LEADING REFEREE CONOR Lane says that the reaction in refereeing circles to the proposed new rules in Gaelic football has been “very positive”.
The 2018 All-Ireland SFC final man in the middle hasn’t been involved in any of the trial matches thus far but says that the feedback has been optimistic.
Recently, the GAA’s standing committee issued five proposed rule changes to be considered. These include a restriction in handpasses, a plan to have all sidelines kicked forward, the introduction of an attacking mark, the implementation of a sin bin and a new kick-out rule involving zoning.
They’ve been trialed in some Thursday night college games with Lane mentioning that David Gough, Cormac Reilly and Brendan Crawley have taken charge.
“The feedback is very positive,” Lane said at the launch of the GAA’s Referee Development Plan in Croke Park this morning.
“I was chatting to the lads and Pat Doherty about it this morning. The feedback has been good.
“I haven’t been involved because they’ve all been in Kildare and Dublin. I’m from Cork so it would be too much of a trip for me to travel up on a Thursday. It’s positive, yeah, the feedback has been positive.”
While there has been some uncertainty around the proposed changes from top inter-county players, Lane welcomes them from a refereeing point of view.
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Darren Hughes, Paul Mannion, Aidan O’Shea and Brian Fenton are four players to have voiced their opinions on the matter, their views coming as mixed.
Conor Lane (file pic).
Source: Laszlo Geczo/INPHO
Hughes slammed them as “embarassing”, O’Shea and Fenton were much more reserved but shared their uncertainty while Dublin and Kilmacud star Mannion most recently said that his “initial thoughts were just that they were pretty bad ideas.”
Lane thinks otherwise on a personal level though.
“Positive for me,” he continued. “Hurling would be my first love. From refereeing hurling in Cork when the defender gets the ball he’s trying to get it up the field as fast as he can.
“Football at the moment is just a bit slow, so, for me, the quicker we get the ball up the field the more attractive it is for the fans and the more attractive it is for everyone.”
It’s also been said that more rules my be too onerous for referees, adding to their load. But Lane firmly disagrees with that.
“Look, it’s like every year, what we’re given we’ll just go out and perform and do what we’re told to do. If it’s hand-passes we’ll do it, if it’s an extra mark we’ll just have to buy into it and do it.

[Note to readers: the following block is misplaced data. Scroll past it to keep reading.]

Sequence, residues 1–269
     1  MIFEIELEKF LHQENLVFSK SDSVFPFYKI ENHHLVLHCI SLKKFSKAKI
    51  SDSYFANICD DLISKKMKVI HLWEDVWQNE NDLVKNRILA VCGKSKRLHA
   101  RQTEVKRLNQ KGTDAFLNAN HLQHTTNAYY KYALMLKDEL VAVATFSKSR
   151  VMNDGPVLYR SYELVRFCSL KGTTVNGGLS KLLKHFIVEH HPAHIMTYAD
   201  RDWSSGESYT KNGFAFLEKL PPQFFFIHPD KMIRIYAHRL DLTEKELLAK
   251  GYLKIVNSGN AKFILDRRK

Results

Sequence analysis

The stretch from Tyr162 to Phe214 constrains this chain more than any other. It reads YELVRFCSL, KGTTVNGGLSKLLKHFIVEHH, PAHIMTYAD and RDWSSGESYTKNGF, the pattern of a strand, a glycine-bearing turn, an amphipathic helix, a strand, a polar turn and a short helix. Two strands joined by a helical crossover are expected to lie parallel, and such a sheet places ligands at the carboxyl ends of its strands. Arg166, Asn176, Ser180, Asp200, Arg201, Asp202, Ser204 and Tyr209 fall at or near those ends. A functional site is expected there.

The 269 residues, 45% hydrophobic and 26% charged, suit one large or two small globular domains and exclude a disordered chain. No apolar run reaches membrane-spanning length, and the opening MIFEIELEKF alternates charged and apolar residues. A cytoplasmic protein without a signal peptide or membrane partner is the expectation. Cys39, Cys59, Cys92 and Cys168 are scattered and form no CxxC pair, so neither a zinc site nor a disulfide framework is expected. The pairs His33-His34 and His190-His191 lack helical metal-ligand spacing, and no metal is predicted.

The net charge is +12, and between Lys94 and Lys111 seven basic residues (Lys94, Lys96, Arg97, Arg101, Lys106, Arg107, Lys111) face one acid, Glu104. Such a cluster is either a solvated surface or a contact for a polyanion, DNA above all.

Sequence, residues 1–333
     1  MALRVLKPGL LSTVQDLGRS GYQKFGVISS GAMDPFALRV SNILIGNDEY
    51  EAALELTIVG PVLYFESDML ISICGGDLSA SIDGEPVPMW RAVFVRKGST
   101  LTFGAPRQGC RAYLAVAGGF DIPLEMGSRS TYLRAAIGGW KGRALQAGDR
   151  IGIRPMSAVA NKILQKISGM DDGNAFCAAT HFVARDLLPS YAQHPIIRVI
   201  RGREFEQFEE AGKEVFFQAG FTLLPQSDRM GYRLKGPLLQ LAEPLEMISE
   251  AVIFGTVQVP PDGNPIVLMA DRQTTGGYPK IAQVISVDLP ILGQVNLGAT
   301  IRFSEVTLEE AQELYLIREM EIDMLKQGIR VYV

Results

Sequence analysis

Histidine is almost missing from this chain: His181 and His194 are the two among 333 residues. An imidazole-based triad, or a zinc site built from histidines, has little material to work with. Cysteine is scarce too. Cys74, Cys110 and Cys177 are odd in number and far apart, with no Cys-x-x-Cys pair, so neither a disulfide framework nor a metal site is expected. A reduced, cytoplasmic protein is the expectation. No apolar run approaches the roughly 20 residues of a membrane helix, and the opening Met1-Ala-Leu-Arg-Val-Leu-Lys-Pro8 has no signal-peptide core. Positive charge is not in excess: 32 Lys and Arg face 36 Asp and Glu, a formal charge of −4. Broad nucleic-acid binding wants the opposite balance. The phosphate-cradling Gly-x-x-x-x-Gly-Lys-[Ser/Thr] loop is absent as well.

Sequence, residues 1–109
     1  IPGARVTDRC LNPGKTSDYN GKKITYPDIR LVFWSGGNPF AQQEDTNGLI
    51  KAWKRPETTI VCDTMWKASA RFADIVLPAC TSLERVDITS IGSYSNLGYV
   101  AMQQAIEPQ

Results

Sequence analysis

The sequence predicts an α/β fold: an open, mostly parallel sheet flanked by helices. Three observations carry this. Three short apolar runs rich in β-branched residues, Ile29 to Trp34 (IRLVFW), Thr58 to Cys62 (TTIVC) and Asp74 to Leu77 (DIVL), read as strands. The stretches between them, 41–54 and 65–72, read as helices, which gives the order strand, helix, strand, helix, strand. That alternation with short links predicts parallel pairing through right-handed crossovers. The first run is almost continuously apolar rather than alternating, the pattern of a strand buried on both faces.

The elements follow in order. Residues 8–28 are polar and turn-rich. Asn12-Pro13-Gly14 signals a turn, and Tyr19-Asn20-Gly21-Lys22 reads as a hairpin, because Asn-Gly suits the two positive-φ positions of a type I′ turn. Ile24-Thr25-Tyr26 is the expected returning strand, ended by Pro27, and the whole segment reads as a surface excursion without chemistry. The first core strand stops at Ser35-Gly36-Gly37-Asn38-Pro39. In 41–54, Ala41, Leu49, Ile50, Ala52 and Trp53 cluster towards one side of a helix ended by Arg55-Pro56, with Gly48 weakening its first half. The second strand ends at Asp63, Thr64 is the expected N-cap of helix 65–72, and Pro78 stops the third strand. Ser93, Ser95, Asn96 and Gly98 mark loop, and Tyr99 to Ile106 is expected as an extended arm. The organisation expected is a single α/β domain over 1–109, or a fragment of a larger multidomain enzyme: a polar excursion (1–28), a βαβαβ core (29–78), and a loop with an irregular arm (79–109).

“I’d be positive. Whatever we’re told to do we’ll just do it. It won’t be an extra work-load for us, no. It’s just another challenge that we’ll embrace. I’m looking forward to it.”
Cavanagh being carded by David Gough in 2016.
Source: Ryan Byrne/INPHO
The introduction of a second referee is something that’s also been called for of late, namely by former Tyrone star Sean Cavanagh.
And obviously, the possible introduction of new rules has heightened that debate and increased those calls. Again, Banteer/Lyre clubman Lane disagrees, saying that one referee can handle it with ease.
“No, I was involved in the Australian Rules last year and we had the six handpasses rule in it. It was very easy to get it into it.
“It’s all about the players buying into it as well. We can all be negative and moan about stuff, we just have to get on with life. It’s all positive for us really, we love the extra work-load.
“I think one referee is more than enough. Loads, yeah. I wouldn’t be shouting for two referees at all, to be honest.
“I don’t think our game is fast enough for it. The ball is going back and across a lot. One is plenty for us at the moment anyway.”
The GAA’s national match officials coordinator Doherty stayed more coy when asked at the same event if referees feedback to the proposed rule changes had been positive.
Pat Doherty (file pic).
“Quite honestly, they haven’t fed back hugely,” he said.
“Their attitude to things like that are, ‘Well, we’re here to referee the games, we referee the games and if the rules change, they change and we’ll do our best to referee the changed rules.’
“As you probably know, the Standing Committee of the Playing Rules have a couple of third level games organised on Thursday evening – challenge matches. So, some of the lads will be involved in refereeing that. They will have a better view on it then.
“We cannot be saying, ‘This is great’ or ‘This isn’t great’ until we see them in action. That would be the attitude of the referees — whatever is in front of us, we’ll do our best to referee.”
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